A Snippet of Hokkaidō Inu History

Accepted wisdom has been that the Hokkaidō Inu, native to Japan’s northern island, Hokkaidō, was named after the Ainu Tribe that came to the Tohoku region of Japan over 3,000 years ago during the Jomon period. They had with them a dog called the Matagi-ken, the Hokkaidō’s early ancestor, and in some circles, the Hokkaidō and Ainu are believed to be the first to inhabit Japan.

Hardy and fierce enough to hunt bears, quick enough to hunt deer, and clever enough to have been taught to catch salmon during a heavy spring salmon run, the dogs helped the Ainu survive in the rugged terrain of the Hokkaidō.  That same terrain kept the Hokkaidō’s genetic pool relatively pure and safe from interbreeding with other dogs later brought by the Yayoi people. Relative isolation also kept the breed a bit of a secret until Thomas W. Blankiston, an English zoologist,  “discovered” the breed in 1869. It was he who named the dog, “Ainu Dog, after the tribe.

Blankiston may have also been the first person to notice that animals in Hokkaidō seemed more related to northern Asian species, while animals found on Honshū in the south seemed more related to those from southern Asia.  A recent abstract, Phylogenetic studies of dogs with emphasis on Japanese and Asian breeds by Yuichi Tanabe posits that the first dogs entered the Japanese archipelago from southern or northern continental Asia during the Jomon Period and eventually spread throughout Japan. Other dogs were brought over via the Korean Peninsula over time, and crossbreeding occurred with the original dog breeds. The resulting offspring, he assumes, are the ancestors of the Japanese breeds that exist today.

It is something that can make one think, “Hmmmmm.”

The Hokkaidō received public attention in 1902 when Imperial Japanese Army soldiers on a military training mission became lost in a blizzard while crossing the Hakkōda Mountains of Aomori Prefecture en route to Tashiro Hot Spring. The 199 deaths during a single ascent make it the world’s largest mountaineering disaster in the modern history of mountain climbing.  The Hokkaidō ‘s ability to withstand very cold temperatures made the dogs part of the search effort for survivors, of which there were eleven.  How cold was it? Two days after the soldiers had set out,  a temperature of -41 degrees (-41.8 Fahrenheit) was observed, the lowest in Japanese weather observation history. Of the 210 soldiers, 199 had frozen to death.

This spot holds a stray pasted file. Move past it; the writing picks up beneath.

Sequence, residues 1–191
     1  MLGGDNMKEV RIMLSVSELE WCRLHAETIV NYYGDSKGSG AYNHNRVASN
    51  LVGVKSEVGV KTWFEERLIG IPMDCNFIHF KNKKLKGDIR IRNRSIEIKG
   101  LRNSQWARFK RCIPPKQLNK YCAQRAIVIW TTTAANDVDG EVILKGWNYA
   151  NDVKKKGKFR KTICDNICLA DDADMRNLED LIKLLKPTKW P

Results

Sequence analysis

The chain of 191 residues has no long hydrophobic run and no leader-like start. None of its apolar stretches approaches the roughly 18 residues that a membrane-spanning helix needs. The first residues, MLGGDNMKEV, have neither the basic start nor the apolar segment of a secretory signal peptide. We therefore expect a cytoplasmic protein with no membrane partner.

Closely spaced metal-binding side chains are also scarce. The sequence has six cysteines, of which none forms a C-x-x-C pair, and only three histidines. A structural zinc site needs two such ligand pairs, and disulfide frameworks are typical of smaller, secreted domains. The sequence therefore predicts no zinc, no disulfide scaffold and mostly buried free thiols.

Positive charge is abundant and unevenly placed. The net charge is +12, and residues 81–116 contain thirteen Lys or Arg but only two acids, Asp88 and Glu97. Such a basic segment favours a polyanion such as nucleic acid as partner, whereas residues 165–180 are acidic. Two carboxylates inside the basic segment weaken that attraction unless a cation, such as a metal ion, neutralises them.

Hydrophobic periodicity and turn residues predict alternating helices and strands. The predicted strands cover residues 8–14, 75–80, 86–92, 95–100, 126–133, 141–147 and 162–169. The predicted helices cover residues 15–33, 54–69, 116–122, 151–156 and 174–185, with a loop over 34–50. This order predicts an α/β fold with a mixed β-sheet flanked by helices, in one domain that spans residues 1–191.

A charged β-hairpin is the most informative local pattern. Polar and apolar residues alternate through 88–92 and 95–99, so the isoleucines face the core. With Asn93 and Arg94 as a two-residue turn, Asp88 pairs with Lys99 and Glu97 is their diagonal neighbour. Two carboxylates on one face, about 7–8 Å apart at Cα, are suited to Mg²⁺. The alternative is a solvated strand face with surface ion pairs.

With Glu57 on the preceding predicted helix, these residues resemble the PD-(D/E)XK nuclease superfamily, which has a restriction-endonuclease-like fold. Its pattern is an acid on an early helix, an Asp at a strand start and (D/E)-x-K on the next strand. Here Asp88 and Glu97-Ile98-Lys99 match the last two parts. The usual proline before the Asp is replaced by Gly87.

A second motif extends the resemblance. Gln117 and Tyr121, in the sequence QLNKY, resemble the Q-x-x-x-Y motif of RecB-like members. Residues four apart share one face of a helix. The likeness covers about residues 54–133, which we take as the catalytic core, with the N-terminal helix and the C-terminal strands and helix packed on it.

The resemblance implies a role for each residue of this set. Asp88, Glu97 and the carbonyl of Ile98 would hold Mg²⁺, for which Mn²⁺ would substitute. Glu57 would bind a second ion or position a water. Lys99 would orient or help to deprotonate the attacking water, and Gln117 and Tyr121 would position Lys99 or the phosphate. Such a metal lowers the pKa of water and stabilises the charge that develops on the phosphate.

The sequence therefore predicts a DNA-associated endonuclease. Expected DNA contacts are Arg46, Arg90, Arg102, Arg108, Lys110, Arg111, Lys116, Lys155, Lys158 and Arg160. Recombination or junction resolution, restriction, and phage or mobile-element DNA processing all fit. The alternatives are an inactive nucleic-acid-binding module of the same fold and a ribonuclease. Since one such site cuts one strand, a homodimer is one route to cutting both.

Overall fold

In 1937, the Hokkaidō was selected to be on Japan’s protected rare species list which is when the Ministry of Education officially changed the breed’s name from Ainu dog to Hokkaidō-Inu.

A commercial for SoftBank, a Japanese telecom company, made more Americans aware of the breed in 2007 when it won the ACC Grand Prix Minister of Internal Affairs and Communications Award, and the company director, an American, helped spotlight the breed in the United States:


That said, the Hokkaidō is still rarely found outside of Japan. In 2017, only 300 dogs were registered between two registries, the Hokkaidō Ken Hozonkai (DOKENHO or HKH) and the smaller, less common Hokkaidō Ken Kyokai (HKK).  No one wants to see a breed explode in numbers that can be a portent of the breed being neglected or taken for granted, but neither do we want to see the breed vanish into extinction.

The Hokkaidō was recognized by the FCI in 1964 where it now belongs to Group 5: Asian Spitz and Related Breeds in the class of primitive dogs. In 1996,  it was recognized by the United Kennel Club, and it is currently an FSS breed with the AKC.

Photo credit: Lindsay Tompkins

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